Let’s be candid here… If you ask a hiring manager (or any one of your interviewers) if a company has diversity, equity, and inclusion (DEI) policies or procedures in place, you’re likely to receive a legalistic, by the books “but of course!” response.
Yet, just because a company says something is true, doesn’t mean it is in practice. So, how do you find out about what a company’s culture is actually like?
Also on Mediabistro
Here are 13 questions (plus a few tactical must-do’s) you should bring to your next interview to probe on an organization’s dedication to providing an equitable and inclusive environment for its employees.
Start at the top.
1 | How diverse is the executive team?
Change and impact start at the top and trickles down; a representative c-suite is a visible indicator of whether or not a company prioritizes diversity (in all senses of the word).
This is a great place to start – and a question that you can probably answer through research on the company. Have a look at the executive team (the c-suite) – do you see people like yourself represented? If the team seems homogeneous, plan to ask your interviewers about what (if any) plans are in place or in motion to change the make-up of the executive team.
2 | What about the Board of Directors?
A company’s Board of Directors holds enormous power, and can change or challenge the c-suite/leadership decisions, remove leadership, and make critical decisions about the future of the business, so it’s imperative that the Board is diverse. This is especially important for a privately held company where there is little regulation or color into leadership decisions. Remember, the Board will want to do what is best for business, but not all business decisions impact employees equally – make sure that you see someone like yourself on the Board, too.
Ask about middle managers, VPs, and leadership opportunities
3 | What’s the makeup of the managerial team?
What does the current team look like? Are you joining a team of all men? All women? All engineers? All Ivy League grads? All white people? Diversity comes in all shapes and colors – ethnic, racial, socio-economic, sexual, geographical, political, religious, gender, intellectual diversity – so it’s important to probe on the makeup of the team.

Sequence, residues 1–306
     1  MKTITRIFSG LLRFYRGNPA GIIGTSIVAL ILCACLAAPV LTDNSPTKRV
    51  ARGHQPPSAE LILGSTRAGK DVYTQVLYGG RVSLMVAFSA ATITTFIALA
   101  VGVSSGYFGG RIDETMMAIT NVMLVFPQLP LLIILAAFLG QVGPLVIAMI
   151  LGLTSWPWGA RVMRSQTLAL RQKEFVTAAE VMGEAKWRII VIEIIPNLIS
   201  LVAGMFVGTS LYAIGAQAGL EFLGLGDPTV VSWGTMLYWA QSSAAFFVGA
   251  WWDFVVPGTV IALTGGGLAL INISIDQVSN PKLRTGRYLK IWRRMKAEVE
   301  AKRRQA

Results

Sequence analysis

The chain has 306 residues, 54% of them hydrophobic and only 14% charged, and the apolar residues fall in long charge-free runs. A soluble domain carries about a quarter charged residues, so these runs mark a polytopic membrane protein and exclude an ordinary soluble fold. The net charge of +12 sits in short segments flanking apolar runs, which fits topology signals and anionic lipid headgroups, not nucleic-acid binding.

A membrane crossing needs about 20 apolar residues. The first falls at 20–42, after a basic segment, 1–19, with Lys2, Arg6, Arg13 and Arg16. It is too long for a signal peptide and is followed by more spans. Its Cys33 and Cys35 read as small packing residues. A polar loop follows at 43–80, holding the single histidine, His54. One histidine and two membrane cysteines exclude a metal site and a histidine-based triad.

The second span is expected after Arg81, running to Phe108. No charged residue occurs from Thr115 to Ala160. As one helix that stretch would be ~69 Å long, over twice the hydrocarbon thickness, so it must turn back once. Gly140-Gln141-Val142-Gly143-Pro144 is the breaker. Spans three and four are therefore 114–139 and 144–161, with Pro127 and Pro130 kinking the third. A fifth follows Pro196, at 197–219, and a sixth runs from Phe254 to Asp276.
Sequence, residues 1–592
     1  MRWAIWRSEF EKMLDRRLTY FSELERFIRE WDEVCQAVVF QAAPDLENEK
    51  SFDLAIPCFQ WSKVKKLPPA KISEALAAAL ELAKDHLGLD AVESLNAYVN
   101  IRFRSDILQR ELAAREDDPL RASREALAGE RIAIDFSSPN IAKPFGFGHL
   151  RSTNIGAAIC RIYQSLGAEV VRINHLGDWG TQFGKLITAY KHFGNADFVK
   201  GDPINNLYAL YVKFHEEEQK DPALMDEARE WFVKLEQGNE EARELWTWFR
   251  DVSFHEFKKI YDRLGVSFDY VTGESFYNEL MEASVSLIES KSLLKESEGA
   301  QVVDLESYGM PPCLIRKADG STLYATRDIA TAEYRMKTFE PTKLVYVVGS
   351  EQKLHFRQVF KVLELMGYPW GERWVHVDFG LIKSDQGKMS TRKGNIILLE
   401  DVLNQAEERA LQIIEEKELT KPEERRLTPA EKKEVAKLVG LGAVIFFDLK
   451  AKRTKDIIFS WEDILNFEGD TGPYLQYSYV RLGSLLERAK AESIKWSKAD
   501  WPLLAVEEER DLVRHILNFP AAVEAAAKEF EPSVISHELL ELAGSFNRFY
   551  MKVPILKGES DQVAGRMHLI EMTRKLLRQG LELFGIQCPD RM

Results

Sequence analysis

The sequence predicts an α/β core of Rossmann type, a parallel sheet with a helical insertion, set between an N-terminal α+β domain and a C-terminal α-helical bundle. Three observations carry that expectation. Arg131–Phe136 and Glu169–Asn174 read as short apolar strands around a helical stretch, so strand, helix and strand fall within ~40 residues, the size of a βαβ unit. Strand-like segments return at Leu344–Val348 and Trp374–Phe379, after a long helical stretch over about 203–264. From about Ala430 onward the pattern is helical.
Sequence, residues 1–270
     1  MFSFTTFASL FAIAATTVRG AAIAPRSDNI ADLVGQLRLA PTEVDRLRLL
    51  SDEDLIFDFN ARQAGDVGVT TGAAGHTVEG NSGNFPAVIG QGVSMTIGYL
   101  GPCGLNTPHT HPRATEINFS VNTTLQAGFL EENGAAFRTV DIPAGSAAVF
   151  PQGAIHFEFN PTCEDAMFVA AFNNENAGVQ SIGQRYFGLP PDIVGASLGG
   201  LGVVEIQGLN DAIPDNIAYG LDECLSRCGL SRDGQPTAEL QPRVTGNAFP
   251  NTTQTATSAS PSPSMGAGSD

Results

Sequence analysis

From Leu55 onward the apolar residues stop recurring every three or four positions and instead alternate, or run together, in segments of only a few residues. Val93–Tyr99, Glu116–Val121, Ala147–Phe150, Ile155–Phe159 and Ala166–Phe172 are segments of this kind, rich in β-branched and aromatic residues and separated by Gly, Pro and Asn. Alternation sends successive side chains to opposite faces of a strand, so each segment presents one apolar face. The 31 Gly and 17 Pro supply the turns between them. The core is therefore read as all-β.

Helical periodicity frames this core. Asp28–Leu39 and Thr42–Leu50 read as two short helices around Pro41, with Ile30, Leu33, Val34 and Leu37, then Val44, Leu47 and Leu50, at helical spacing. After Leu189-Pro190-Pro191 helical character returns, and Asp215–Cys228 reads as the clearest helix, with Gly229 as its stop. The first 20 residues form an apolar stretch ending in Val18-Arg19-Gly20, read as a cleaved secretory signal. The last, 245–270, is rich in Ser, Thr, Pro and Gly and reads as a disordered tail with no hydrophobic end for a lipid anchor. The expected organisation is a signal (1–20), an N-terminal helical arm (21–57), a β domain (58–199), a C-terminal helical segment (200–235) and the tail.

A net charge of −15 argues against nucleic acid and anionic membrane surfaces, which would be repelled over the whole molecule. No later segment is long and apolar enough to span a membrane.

Not to mention, managers and director-level employees are often on the front-lines of major decisions surrounding hiring, bonuses, layoffs, and firing.
4 | What leadership training programs do you offer?
Great, 40% of Associates are women of color! But what are you doing to advance these women within your company? Some firms do a great job of offering mentorship and training/education opportunities to help elevate and promote from within… ask about these initiatives – and who has access to these initiatives.
5 | What does the promotion and evaluation process look like and who is in charge of these decisions?
Now, we’re not telling you to ask for that promotion from day one. What we do encourage you to do is ask about how the company approaches annual/bi-annual evaluations and promotion decisions. It’s also important to ask who is involved in these decisions (is it a homogeneous committee?) and what data points are used to evaluate candidates (if there is not a process, that might be a red flag that schmoozing is overvalued, and things like hard work and ability undervalued).
Probe on programming and goal setting.
6 | How do you prioritize social events that all employees feel they can take part in?
Not all employees will feel at home at every event, and it’s important that teams consider this when planning company-wide or team-wide social activities. As we wrote about before, people with families might not have as flexible a schedule to attend evening events; people that don’t drink might be uncomfortable if every gathering centers around alcohol consumption. The fact of the matter is, if people are not participating in these key relationship-building events, they are not forging ahead in their careers simply from being left out.